How to invest in rice commodities

How To Invest In Rice Commodities On Stock Market

Introduction

 

Rice is an important agricultural and food crop.

It is predominantly grown by small farmers on plots of land less than one hectare. Rice is also used as a “wage” commodity by workers in the cash crop and non-agricultural industries.

Rice as a commodity

 
For millions of people around the world, rice farming is a source of food and income. Rice is grown across a hundred countries, with over 158 million hectares of the total harvested area and more than 700 million tonnes annual production (470 million tonnes of milled rice). It is heavily reliant on it as a source of foreign exchange earnings and government revenue in many Asian and African countries.
 

Harvesting rice

 
The grains begin to ripen three months after you plant them. The stems will turn yellow and the tops will droop. Farmers begin draining the water from the fields and harvesting at this point. To cut, thresh, and stack the grains, the use of sharp knives, sickles, or a mechanized harvester is there.
 

How is Rice Traded and Financed?

 
Rice Finance

Rice trading can be financed in a variety of ways, with receivables finance and secured financing being the most common.

Unpaid invoices, for example, are representations of receivables. They’re considered reserves, and traders can use them to obtain funding.

Rice Trading

 
Like many other agricultural commodities, you can trade rice using the same five methods. There are the following:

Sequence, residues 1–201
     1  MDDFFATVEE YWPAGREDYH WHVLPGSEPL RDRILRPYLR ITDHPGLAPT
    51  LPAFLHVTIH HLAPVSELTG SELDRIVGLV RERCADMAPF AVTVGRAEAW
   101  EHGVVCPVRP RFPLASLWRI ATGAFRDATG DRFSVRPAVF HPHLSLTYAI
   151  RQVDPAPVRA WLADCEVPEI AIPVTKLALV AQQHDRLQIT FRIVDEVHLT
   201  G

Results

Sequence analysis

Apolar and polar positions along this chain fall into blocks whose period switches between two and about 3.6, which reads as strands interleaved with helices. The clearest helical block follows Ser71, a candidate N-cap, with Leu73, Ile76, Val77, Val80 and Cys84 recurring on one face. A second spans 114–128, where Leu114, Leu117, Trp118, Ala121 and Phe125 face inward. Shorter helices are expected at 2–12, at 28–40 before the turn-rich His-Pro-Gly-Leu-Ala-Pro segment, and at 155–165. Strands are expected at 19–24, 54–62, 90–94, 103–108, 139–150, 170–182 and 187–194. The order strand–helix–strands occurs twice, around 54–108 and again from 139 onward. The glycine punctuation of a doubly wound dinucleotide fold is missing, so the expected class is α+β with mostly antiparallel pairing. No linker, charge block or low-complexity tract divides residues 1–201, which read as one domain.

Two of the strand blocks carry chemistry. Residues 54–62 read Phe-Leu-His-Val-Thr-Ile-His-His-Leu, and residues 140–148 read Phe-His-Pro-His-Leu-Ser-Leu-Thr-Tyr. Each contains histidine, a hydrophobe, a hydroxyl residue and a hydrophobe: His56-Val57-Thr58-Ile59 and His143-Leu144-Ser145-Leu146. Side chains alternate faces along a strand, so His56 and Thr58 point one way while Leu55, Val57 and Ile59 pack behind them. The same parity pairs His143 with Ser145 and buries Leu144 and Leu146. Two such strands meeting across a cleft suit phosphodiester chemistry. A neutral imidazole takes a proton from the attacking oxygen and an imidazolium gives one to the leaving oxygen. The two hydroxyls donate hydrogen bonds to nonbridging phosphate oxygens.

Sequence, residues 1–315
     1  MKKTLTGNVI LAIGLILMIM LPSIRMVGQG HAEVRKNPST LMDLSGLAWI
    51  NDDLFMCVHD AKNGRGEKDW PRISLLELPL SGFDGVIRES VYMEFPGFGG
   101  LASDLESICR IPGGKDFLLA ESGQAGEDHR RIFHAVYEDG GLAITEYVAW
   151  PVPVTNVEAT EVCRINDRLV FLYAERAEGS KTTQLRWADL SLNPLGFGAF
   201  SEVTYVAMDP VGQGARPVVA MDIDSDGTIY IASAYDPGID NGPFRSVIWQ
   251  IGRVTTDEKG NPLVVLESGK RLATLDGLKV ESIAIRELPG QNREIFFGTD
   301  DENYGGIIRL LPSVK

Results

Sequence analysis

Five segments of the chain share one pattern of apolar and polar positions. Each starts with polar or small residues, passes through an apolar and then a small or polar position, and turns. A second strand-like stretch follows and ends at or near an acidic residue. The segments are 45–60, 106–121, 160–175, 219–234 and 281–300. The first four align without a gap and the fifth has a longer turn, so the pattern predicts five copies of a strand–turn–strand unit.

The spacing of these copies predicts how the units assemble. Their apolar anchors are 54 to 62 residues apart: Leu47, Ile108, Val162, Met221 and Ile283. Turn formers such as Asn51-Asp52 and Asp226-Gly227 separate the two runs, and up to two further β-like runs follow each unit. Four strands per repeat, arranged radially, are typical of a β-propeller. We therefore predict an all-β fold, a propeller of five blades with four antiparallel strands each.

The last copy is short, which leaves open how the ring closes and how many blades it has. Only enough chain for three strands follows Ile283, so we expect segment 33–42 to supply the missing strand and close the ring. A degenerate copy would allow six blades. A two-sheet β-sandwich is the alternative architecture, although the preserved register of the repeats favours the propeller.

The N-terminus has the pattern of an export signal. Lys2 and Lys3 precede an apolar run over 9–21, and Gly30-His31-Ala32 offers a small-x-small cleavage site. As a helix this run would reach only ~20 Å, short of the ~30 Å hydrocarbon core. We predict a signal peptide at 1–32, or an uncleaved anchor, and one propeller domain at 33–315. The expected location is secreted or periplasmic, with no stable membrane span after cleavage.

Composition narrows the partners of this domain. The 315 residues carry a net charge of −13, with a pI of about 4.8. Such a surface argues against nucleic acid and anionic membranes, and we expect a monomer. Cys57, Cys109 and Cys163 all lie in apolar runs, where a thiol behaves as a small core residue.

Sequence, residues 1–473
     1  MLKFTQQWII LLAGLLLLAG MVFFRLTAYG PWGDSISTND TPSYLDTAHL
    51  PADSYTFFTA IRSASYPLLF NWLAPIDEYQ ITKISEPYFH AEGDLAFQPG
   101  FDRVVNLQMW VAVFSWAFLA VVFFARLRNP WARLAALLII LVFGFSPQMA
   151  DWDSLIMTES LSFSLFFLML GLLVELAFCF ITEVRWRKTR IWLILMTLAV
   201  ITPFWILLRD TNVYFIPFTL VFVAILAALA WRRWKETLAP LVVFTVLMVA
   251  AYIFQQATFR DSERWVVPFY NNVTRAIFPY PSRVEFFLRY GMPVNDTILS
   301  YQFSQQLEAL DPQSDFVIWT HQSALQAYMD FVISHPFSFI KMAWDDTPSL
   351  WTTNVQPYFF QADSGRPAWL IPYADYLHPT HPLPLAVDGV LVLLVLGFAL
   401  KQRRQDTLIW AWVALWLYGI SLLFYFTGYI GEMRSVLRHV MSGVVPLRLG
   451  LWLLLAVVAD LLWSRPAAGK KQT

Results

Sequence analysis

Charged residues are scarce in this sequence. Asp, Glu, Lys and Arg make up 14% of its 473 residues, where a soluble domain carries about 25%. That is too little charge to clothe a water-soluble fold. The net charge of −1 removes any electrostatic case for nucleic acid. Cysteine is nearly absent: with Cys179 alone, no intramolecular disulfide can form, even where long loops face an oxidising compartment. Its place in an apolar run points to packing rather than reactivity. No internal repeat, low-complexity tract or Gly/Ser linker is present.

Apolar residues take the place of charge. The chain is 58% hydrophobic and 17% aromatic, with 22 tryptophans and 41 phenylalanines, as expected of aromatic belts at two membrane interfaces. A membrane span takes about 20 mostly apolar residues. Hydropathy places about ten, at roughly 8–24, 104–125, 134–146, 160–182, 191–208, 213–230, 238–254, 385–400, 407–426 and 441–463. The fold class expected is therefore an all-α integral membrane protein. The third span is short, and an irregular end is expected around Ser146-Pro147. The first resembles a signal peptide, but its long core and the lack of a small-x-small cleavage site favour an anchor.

–  Rice contracts for Discrepancies (CFDs)

– Rice Shares

– Exchange-traded funds (ETFs)

– Rice Options

–Rice Futures

Investing in Rice

 
Until recently, retail investors could not invest directly in rice farmland. Investment funds would have been the only ones that could take advantage of this direct investment opportunity. All of that has changed now, as one alternative investment firm has launched an investment in African rice property. The investor would pay £5,850 for this investment, which would guarantee 3 hectares of prime rice land for 49 years. The investor will earn a 15 percent annual return and profit from the land’s capital appreciation. If the investor was willing to keep the investment for five years, they could expect a return of 287 percent. Only high-net-worth investors have access to this market, and many brokers would require comprehensive financial reports before allowing you to open an account.

Rice may be bought from an exchange-traded fund by a retail investor. There are no ETFs that are 100 percent invested in rough rice, but there are a few that have a portion of their portfolio invested in rough rice. Elements International Commodity Index- Agriculture Total Return is one possible ETF for the investor to consider (RJA).

Importance of rice as a commodity

 
Rice generates 15% of global human protein and 21% of global human energy per capita. While rice protein has a high nutritional quality, it has a low protein content. Rice also contains minerals, vitamins, and fiber, while milling reduces all constituents except carbohydrates.

The average rice consumption worldwide was 58 kg in 1999 and in some countries of Asia, the highest intake was 211 kg/person in Myanmar. Rice eaters and farmers make up the majority of the world’s poor: the UNDP Human Development Report for 1997 estimates that roughly 70% of the worlds 1.3 billion poor live in Asia, whose staple food. is rice.